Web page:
Commentary

Clint Bowyer's leap of faith pays off

Updated: June 25, 2012, 7:01 PM ET
By Terry Blount | ESPN.com

SONOMA, Calif. -- There is a new big-boy team in NASCAR. If you've being paying attention this season, it's not a surprise.

Michael Waltrip Racing has been coming on all year. The only thing MWR lacked in 2012 was a victory. Mission accomplished.

Clint Bowyer, the hired gun who came to MWR this season after six years at Richard Childress Racing, finally got the organization into the win column this year with a dominating victory Sunday on the Sonoma road course.

"To have this dirt [track] boy from Kansas in Victory Lane here is big, trust me," Bowyer said. "It's just a dream come true. To switch teams like I did was a huge new chance for me and a chance to showcase my talent.

[+] EnlargeClint Bowyer
Todd Warshaw/Getty ImagesClint Bowyer got his first victory on a road course -- and his first win with Michael Waltrip Racing -- at Sonoma on Sunday.

"Basically, I lost my job at RCR, but I still had confidence in myself. Michael paired me with [crew chief] Brain Pattie and a lot of good people. Michael stuck it out here, and I'm telling you, he's fixing to reap the benefits."

Waltrip remembered the first time his new team came to Sonoma five years ago.

"We put [former Cup champion] Terry Labonte in my car to make sure we made the race," Waltrip said. "We were wondering about our future and whether we would survive.

"We were close to not being around anymore just six months after we started. After all we've been through, this is really special. Thanks to Clint for taking a risk, really a leap of faith, to come join us."

That leap of faith paid off for Bowyer on a day when the normally volatile 12 turns of the Napa Valley track, where tempers have raged as sheet metal was sheered in recent years, was as calm as an Amsterdam coffee house.

The race was caution-free for the first 81 laps. Even a green-white-checkered finish failed to produce any zaniness up front.

The way Bowyer was driving, it probably wouldn't have mattered. He never had won on a road course, but the Emporia, Kan., racer was the true road-course ringer in this one. Bowyer led 71 of 112 laps in the No. 15 Toyota, but it was the final 24 laps where he really showed his stuff.

Lap after lap down the stretch, 2011 Sonoma winner Kurt Busch tried to rattle Bowyer from behind, bumping Bowyer several times in the treacherous hairpin turn. Bowyer never wavered.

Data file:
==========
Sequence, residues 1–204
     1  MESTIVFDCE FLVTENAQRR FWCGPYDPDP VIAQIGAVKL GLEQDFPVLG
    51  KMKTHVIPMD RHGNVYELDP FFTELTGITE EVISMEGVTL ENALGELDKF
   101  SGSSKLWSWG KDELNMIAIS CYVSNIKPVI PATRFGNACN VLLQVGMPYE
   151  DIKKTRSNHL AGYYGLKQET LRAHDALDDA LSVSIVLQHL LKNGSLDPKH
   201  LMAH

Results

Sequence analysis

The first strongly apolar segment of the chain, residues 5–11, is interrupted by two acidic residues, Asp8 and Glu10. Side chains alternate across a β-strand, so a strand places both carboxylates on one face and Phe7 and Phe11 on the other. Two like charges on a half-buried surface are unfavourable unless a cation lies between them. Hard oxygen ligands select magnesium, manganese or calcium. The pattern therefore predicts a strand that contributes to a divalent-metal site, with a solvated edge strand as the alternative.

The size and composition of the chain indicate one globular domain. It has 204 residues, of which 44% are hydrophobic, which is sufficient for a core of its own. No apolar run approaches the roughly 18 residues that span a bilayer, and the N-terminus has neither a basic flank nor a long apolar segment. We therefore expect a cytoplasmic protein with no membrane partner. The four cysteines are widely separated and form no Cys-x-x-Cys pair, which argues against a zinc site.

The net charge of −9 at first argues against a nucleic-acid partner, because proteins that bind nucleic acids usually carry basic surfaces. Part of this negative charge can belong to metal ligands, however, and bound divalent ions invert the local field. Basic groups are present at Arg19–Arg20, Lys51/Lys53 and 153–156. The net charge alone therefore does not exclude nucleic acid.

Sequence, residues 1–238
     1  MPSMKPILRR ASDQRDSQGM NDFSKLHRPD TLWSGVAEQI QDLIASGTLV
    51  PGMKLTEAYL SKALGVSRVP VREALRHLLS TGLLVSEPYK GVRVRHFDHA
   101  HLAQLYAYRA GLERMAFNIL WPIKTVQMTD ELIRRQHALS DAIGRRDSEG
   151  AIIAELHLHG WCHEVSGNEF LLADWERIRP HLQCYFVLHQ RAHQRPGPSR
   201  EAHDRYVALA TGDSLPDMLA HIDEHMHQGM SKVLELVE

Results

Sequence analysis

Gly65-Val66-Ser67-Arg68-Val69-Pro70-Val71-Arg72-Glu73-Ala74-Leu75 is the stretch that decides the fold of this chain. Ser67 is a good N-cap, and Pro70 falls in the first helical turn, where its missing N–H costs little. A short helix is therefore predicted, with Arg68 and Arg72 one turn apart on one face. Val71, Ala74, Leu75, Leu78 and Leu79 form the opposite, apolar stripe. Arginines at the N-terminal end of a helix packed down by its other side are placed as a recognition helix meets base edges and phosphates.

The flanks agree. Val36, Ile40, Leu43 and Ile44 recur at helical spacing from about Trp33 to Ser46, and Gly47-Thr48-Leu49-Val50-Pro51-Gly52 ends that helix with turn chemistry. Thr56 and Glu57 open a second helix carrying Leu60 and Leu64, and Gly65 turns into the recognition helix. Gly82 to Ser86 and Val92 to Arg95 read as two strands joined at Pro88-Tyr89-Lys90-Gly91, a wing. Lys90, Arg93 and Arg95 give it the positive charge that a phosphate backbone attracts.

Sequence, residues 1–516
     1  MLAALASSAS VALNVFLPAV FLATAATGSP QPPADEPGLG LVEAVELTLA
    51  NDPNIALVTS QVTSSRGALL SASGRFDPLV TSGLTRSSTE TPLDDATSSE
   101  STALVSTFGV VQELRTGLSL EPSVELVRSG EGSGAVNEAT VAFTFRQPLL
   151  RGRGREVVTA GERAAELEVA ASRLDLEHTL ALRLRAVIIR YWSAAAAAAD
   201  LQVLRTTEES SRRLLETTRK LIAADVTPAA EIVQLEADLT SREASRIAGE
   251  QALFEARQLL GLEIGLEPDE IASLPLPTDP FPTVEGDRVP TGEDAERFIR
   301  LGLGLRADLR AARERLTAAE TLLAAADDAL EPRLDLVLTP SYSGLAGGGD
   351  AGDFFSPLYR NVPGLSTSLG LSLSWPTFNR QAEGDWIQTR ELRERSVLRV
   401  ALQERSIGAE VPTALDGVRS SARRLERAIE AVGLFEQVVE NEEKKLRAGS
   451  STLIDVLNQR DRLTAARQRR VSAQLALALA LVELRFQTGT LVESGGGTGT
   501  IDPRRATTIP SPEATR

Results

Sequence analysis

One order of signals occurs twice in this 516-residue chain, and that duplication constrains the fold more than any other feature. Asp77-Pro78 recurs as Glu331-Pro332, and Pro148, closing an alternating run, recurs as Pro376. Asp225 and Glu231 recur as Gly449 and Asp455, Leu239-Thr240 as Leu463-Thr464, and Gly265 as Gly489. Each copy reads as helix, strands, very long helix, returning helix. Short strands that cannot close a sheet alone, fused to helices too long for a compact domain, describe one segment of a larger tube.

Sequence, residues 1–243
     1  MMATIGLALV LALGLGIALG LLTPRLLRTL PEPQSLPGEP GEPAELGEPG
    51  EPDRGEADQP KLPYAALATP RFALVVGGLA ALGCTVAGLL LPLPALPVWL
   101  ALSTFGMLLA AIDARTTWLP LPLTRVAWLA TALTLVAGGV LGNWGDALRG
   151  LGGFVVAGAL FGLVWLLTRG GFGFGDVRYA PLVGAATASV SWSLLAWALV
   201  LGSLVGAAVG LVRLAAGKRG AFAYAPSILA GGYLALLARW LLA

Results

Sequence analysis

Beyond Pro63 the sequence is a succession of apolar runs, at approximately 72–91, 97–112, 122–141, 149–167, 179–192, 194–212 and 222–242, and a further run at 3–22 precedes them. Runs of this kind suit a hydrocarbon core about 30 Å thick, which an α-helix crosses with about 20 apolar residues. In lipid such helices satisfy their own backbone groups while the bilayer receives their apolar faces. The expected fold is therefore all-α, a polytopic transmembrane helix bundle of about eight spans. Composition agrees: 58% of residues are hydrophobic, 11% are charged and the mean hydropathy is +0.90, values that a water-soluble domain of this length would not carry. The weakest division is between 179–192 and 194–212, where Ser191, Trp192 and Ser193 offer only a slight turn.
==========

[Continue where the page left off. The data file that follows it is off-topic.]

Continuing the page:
"He did great," Busch said. "But I showed him a lot of respect. I bumped him a few times, but I was really patient."

Busch had a rear suspension problem in the No. 51 Chevy before the final restart and got passed by Tony Stewart for second. But if ever a man won by losing it was Busch, from being suspended two weeks ago to a third-place finish in respectable fashion Sunday.

Busch was emotional after the race. He was the first driver to congratulate Bowyer.

"To show up with a third-rate budget and almost go to Victory Lane, that's big," Busch said. "If I can get my head on straight here, I can race every weekend and go for victories."

It's starting to look like MWR can go for victories now on a regular basis. Bowyer and MWR driver Martin Truex Jr. rank in the top 10 in the Cup standings. They've been on the verge of winning all season.

All three MWR drivers were strong Sunday. Truex led 15 laps and was fifth of the GWC restart, but got caught up in last-lap mishap and finished 22nd.

After all we've been through, this is really special. Thanks to Clint for taking a risk, really a leap of faith, to come join us.

-- Michael Waltrip

Brian Vickers, a Sonoma villain a year ago when he deliberately wrecked Stewart, finished fourth in only his third start of the season.

Vickers is racing part time for MWR when veteran Mark Martin sits out, but Vickers hopes his second top-5 this year will lead to bigger and better things.

"If two top-5s doesn't do it, I don't know what will," Vickers said, moments before Waltrip said in the media center that a fourth car for him in 2013 is part of the plan if they can secure the sponsorship.

MWR was the best team Sunday. It's no fluke. Waltrip's boys now are one of the better teams in Sprint Cup, something no one would have said a year ago.

"It's really impressive what Michael has done there," said Stewart, who became a team owner himself in 2009. "It's cool to see. He started from scratch and has gotten better and better every year. They had a very productive offseason and gained more than a lot of other teams. What they've done this year speaks volumes."

Waltrip and Bowyer have helped each other at a time when they both needed it. Bowyer looked on the wall in the media center and saw a photo of Jeff Gordon, a five-time winner at Sonoma.

"And I just beat that guy," Bowyer said. "And I held off two former champions [Stewart and Busch] at the end. You don't forget stuff like that. I'm just thankful to Michael for surrounding me with so many good people.

"Now, why are we in here drinking water in wine country?"

Waltrip had a reply: "You know, there was a guy once who changed water into wine."

MWR's turnaround isn't that impressive, but Waltrip knows they've come a long way.

"To be contenders now week in and week out is amazing," Waltrip said. "We are very grateful and thankful people."

Terry Blount

ESPN Seattle Seahawks reporter

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